Saturday, April 26, 2008

Another selah

Six papers down, two to go.

I have been offered a place in college for the coming year. Looks like God's work for me in college is not yet done!

Praise Him.

Early Thursday morning, I dreamt that Dad died suddenly. As I thought about it, I realised it was less about my biological father than my Father above.

How often I kill God in my life, denying Him by the way I live and the things I say.

* * * * *

On another note, I took this test, following the link on Kee Aun's blog.

You can also click:

David has always considered me an ISTP, but the test seems to suggest I'm an INFJ.

Let's evaluate this with a little help from Wikipedia.

Sensing and Intuition are the information-gathering (Perceiving) functions. They describe how new information is understood and interpreted.

Individuals who prefer Sensing are more likely to trust information that is in the present, tangible and concrete: that is, information that can be understood by the five senses. They tend to distrust hunches that seem to come out of nowhere. They prefer to look for detail and facts. For them, the meaning is in the data.

On the other hand, those who prefer Intuition tend to trust information that is more abstract or theoretical, that can be associated with other information (either remembered or discovered by seeking a wider context or pattern). They may be more interested in future possibilities. They tend to trust those flashes of insight that seem to bubble up from the unconscious mind. The meaning is in how the data relates to the pattern or theory.

Going by this, I think I can justifiably be considered an 'N' (iNtuition). I think it explains a lot of the conflicts that have happened over the year that was; how people keep telling me to keep my feet on the ground and all.

Thinking and Feeling are the decision-making (Judging) functions. The Thinking and Feeling functions are both used to make rational decisions, based on the data received from their information-gathering functions (Sensing or Intuition).

Those who prefer Feeling tend to come to decisions by associating or empathizing with the situation, looking at it 'from the inside' and weighing the situation to achieve, on balance, the greatest harmony, consensus and fit, considering the needs of the people involved.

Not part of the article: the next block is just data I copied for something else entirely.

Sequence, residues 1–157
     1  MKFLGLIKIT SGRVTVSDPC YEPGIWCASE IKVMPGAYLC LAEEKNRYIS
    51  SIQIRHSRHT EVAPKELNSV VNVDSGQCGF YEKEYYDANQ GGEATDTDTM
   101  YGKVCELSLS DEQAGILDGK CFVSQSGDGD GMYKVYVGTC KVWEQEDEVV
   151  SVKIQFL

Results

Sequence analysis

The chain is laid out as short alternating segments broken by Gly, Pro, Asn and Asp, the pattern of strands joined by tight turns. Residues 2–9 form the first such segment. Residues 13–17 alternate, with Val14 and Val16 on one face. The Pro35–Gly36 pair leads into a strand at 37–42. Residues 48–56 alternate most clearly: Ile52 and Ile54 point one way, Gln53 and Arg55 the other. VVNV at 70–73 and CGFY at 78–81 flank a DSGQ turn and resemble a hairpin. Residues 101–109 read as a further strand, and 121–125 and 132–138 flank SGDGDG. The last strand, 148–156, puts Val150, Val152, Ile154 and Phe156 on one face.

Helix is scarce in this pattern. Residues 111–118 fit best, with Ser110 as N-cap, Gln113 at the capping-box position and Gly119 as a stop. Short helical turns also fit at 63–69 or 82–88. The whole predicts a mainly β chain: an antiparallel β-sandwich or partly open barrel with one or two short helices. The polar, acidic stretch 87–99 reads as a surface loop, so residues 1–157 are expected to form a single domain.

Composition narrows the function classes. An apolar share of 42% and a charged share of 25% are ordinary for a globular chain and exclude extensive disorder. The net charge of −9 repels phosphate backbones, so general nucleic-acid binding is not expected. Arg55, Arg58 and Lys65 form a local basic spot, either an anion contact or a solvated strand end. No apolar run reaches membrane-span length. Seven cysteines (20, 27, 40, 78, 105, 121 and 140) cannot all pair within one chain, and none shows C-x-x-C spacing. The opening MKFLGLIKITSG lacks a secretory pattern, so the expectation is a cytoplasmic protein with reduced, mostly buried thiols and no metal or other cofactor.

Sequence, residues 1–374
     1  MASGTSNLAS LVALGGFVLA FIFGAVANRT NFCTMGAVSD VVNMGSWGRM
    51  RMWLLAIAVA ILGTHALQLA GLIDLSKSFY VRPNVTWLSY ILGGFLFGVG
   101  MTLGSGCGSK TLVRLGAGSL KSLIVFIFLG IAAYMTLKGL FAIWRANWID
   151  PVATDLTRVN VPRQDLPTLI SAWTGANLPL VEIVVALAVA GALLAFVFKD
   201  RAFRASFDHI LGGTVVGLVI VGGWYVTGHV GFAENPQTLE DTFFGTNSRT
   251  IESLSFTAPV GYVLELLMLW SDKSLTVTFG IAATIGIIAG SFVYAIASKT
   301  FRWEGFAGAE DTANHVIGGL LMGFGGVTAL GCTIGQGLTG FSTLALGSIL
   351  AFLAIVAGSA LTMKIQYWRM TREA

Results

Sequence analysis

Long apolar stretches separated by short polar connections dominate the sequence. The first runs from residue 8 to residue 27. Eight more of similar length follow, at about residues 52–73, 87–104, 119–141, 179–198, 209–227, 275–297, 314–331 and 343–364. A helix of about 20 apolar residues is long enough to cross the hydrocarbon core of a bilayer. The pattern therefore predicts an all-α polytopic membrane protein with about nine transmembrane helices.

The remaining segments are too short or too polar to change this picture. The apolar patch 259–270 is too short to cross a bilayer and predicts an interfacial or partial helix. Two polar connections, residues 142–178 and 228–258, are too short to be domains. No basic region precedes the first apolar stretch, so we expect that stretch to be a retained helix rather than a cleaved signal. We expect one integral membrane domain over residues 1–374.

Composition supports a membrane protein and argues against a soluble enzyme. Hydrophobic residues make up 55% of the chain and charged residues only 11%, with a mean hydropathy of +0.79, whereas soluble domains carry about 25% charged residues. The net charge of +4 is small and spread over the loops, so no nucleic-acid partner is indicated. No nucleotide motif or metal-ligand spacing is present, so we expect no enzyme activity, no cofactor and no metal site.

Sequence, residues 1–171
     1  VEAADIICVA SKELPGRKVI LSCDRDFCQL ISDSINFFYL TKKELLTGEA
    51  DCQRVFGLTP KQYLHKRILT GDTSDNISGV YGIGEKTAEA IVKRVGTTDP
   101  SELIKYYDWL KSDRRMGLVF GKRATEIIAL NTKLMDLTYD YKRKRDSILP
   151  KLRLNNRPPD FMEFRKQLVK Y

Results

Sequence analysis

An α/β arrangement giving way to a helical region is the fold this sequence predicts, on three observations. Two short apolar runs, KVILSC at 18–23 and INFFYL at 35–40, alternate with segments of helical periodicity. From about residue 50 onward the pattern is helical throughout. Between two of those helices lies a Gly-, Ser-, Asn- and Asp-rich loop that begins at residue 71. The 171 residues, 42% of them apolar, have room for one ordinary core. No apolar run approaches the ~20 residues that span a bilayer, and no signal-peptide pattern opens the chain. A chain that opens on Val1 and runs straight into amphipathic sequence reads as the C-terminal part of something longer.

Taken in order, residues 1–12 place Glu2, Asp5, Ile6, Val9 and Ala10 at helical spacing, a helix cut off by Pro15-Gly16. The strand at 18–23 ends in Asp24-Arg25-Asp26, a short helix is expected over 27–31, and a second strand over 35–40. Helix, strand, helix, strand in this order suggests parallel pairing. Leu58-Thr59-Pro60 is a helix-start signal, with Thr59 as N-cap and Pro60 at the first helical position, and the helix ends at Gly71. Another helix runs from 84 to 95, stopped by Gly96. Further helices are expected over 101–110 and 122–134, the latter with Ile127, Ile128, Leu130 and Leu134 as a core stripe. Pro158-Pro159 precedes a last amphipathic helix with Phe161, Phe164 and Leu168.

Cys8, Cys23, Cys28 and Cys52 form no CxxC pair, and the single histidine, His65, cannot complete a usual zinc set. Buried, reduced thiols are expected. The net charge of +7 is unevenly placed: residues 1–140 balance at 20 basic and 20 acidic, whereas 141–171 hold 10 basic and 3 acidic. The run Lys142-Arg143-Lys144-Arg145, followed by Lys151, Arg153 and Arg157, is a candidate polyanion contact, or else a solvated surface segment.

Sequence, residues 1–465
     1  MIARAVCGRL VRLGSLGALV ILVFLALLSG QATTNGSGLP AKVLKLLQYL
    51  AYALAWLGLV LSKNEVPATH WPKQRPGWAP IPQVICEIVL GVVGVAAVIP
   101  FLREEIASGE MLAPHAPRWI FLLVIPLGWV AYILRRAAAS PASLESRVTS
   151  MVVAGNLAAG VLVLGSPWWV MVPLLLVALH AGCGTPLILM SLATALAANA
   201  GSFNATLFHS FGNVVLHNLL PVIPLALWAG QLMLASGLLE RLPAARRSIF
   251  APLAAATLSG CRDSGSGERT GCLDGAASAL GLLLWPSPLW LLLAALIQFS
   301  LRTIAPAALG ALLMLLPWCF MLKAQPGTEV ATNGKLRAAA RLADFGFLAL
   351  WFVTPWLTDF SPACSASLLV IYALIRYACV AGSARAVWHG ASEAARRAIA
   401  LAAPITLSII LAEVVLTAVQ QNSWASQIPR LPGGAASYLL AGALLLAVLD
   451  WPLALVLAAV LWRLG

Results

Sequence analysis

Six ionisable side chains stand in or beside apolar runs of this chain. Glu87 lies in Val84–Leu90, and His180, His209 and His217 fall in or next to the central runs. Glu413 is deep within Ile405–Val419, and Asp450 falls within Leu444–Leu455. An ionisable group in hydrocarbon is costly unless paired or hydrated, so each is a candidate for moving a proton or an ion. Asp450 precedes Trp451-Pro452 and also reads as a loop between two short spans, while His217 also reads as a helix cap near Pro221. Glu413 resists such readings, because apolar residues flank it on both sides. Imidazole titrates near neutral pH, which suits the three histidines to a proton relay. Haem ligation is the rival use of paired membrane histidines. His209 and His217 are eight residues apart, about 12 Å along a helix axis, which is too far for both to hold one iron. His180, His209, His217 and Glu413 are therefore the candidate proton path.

Those who prefer Thinking tend to decide things from a more detached standpoint, measuring the decision by what seems reasonable, logical, causal, consistent and matching a given set of rules.

I think I am somewhere in between, so for this the test is not quite accurate. I am not an 'F' in the sense that I don't always care for the greatest harmony and balance; if I think there's a way to go, I can be quite insensitive to others' concerns in my pursuit of it.

Then again, neither am I a strict 'T' as I can be unreasonable at times and I dislike given sets of rules.

Perhaps I am a 'logical empathiser' or 'empathetic logician' or something.

Myers and Briggs taught that types with a preference for Judging show the world their preferred Judging function (Thinking or Feeling). So TJ types tend to appear to the world as logical, and FJ types as empathetic. According to Myers, Judging types prefer to "have matters settled." Those types ending in P show the world their preferred Perceiving function (Sensation or Intuition). So SP types tend to appear to the world as concrete and NP types as abstract. According to Myers, Perceiving types prefer to "keep decisions open."

This one, I'll leave to those who know me to decide. The explanation that followed on Wikipedia was rather complex and a little too analytical for me.

But David is probably right that I am indeed a 'P'. I've never thought of myself as a 'J' anyway.

So what am I at the end of the day? Most likely IN?P.


Anonymous said...

You? A LIBRARIAN?!?! omegosh...haha =) You'd scare the living daylights out of those who frequent the library! And everyone would be deprived of knowledge and die a horrible death because they couldn't stand being stupid. Of course, the setting i'm referring to is that of the olden victorian times. Now, we have the internet. Who needs libraries? *sarcasm*


enilit said...

Hey Ben, stumbled upon this quote while reading Peterson, and thought of our conversation that day. :)

Experienced mountaineers have a quiet, regular, short step--on the level it looks petty; but then this step they keep up, on and on as they ascend, whilst the inexperienced townsman hurries along, and soon has to stop, dead beat with the climb. . . . Such an expert mountaineer, when the thick mists come, halts and camps out under some slight cover brought with him, quietly smoking his pipe, and moving on only when the mist has cleared away. . . . You want to grow in virtue, to serve God, to love Christ? Well, you will grow in and attain to these tings if you will make them a slow and sure, an utterly real, a mountain stepplod and ascent, willing to have to camp for weeks or months in spiritual desolation, darkness and emptiness at different stages in your march and growth. All demand for constant light; for ever the best--the best to your own feeling, all attempt at eliminating or minimizing the cross and trial, is so much soft folly and puerile trifling.
--Baron Friedrich von Hügel, Selected Letters 1896-1924, quoted in Eugene Peterson, Run with the Horses

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